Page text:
Captured prey assemblages in introduced and established populations were examined using ordination. We
calculated the relative proportion of the top fifteen invertebrate groups (see below) for each site across all three

sampling dates. Dates were combined to reduce seasonal

variation and to focus on patterns associated with the
treatment. Non-metric multidimensional scaling (NMDS)
was run using the slow and thorough setting in PC-ORD
(Version 5.15, MjM Software, Gleneden Beach, Oregon,
U.S.A.) and the Sorensen distance. Axes were tested for
significance using a Monte Carlo test with 250 runs, and
the relative abundances of individual taxa were correlated
with each axis using Pearsons product-moment correlation
to help explain the ordination.
Prey items collected on the two tiles at each site were
combined by site for statistical analyses. Differences in total
number of prey, total number of adult insects, and average
length of prey were compared between introduced and
established sites with two-sample t-tests.

Most of our indicators of prey capture success were
higher for plants growing in the introduced sites (Table
1). Although individual plants in both treatments averaged
approximately seven traps, plants in introduced sites had
almost 10% more closed traps. Plants growing in introduced sites had significantly more traps with prey than
those in established sites, but the absolute difference was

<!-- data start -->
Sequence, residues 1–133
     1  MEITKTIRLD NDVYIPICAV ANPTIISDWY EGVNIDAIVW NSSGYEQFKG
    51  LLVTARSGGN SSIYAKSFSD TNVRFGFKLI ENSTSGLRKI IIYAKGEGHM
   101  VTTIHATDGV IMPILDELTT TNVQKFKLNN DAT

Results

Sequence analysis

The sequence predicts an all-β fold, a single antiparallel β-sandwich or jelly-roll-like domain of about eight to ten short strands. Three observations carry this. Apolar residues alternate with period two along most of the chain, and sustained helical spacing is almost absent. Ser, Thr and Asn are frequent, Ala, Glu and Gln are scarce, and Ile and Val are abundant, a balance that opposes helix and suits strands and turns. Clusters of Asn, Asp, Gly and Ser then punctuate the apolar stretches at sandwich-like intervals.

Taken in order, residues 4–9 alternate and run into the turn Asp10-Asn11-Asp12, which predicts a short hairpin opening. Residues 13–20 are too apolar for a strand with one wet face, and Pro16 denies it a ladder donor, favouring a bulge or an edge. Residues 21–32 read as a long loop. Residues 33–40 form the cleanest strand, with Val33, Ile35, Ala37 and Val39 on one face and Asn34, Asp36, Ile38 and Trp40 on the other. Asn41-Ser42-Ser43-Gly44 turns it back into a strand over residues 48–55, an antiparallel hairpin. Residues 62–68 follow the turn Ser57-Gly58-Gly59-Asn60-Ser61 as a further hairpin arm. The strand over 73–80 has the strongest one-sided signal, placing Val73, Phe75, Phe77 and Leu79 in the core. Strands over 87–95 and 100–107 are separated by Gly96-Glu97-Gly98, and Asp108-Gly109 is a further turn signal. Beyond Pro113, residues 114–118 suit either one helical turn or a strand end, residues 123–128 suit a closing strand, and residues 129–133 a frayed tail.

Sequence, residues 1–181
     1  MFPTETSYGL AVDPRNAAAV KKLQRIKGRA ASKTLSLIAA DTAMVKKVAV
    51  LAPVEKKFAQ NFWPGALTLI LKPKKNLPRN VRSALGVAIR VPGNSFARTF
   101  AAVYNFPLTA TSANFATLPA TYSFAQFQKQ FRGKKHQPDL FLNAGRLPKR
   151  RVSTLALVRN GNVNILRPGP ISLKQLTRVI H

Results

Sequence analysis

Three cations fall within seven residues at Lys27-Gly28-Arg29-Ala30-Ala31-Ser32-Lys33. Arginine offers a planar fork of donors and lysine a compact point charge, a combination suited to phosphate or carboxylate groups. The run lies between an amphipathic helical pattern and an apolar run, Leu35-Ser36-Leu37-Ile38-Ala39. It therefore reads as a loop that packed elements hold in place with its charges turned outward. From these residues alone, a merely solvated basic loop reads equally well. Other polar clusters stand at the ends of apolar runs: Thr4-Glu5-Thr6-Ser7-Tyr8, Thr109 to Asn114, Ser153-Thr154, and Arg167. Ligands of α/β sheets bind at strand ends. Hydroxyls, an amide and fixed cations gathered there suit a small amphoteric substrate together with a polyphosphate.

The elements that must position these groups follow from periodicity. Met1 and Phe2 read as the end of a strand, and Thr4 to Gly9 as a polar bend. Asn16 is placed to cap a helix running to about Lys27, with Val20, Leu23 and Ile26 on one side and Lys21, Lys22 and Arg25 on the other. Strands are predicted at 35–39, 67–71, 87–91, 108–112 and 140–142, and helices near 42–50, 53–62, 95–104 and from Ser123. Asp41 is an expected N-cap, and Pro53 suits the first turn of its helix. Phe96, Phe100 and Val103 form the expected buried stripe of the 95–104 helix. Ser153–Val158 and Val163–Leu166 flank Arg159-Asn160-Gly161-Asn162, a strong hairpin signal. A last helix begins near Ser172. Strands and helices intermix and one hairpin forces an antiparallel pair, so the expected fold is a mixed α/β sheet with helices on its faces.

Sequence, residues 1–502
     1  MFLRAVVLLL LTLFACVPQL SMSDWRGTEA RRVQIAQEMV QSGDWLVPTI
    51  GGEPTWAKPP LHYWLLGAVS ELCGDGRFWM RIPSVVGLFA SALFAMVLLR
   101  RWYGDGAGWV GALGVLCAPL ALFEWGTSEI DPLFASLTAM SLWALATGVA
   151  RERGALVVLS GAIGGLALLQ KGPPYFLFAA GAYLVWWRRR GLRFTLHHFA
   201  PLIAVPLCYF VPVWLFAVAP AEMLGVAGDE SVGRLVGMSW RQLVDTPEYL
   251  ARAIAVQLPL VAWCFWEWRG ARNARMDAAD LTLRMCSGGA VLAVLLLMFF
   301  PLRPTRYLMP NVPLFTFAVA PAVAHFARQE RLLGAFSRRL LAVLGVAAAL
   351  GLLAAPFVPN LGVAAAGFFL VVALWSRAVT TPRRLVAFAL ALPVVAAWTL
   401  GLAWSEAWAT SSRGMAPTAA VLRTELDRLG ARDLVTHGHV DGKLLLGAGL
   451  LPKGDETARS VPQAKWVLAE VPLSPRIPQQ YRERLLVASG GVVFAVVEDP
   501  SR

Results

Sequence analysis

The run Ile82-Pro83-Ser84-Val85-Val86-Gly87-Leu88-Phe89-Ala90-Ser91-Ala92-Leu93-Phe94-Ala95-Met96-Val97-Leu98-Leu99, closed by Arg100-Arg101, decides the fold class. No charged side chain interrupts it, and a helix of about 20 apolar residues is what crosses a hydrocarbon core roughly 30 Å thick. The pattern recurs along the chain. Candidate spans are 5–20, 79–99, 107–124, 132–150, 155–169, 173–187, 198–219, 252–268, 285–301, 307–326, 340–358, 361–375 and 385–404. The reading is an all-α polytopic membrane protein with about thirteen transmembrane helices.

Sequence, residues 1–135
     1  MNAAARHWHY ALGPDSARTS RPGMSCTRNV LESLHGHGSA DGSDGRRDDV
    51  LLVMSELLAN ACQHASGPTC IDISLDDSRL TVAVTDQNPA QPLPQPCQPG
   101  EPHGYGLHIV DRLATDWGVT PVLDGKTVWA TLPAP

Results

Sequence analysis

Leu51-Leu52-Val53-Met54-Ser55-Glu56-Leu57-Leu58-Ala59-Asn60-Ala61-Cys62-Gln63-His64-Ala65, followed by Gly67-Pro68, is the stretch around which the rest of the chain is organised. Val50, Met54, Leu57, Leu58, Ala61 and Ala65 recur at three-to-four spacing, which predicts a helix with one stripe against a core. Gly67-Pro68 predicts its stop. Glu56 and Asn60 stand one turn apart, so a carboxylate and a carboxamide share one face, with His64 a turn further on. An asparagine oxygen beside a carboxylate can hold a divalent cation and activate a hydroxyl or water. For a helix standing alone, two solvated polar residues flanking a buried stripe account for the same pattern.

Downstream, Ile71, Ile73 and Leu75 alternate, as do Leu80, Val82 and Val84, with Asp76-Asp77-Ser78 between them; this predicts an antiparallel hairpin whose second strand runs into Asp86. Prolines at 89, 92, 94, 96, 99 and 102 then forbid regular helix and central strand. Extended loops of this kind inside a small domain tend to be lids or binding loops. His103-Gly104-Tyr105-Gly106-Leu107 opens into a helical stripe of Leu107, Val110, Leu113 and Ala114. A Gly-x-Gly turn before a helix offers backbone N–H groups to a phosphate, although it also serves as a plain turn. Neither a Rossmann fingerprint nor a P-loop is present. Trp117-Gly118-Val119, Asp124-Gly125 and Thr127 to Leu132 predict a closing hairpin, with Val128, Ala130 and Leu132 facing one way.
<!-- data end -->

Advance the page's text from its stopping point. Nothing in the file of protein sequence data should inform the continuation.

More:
relatively small (approximately one trap). The total number
of traps with multiple prey items per site also was greater in
introduced sites compared to established sites. The proportion of closed and total traps containing prey were 11 to
12% greater in introduced than in established sites. Trap
length, trap width, and prey length did not significantly
differ between treatments (Table 1).



















Proportion of total invertebrates in traps

Figure 1. Major taxonomic groupings as a proportion of total invertebrates

collected by Venus flytraps in established and introduced populations at
Lewis Ocean Bay Heritage Preserve, South Carolina, US.





Axis 2












Axis 1
Figure 2. Non-metric multidimensional scaling (NMDS) ordination of the
top fifteen invertebrate taxonomic groups caught by Venus flytraps for
each site across all three sampling dates. Symbols represent ordination
scores for established () and introduced () sites. Final stress = 13.8. Axis
1 was significant (p = 0.004) and explained 24.2% of total variation. Axis 2
also was significant (p = 0.040) and explained 58.3% of total variation.

When combined across the three sampling dates, ants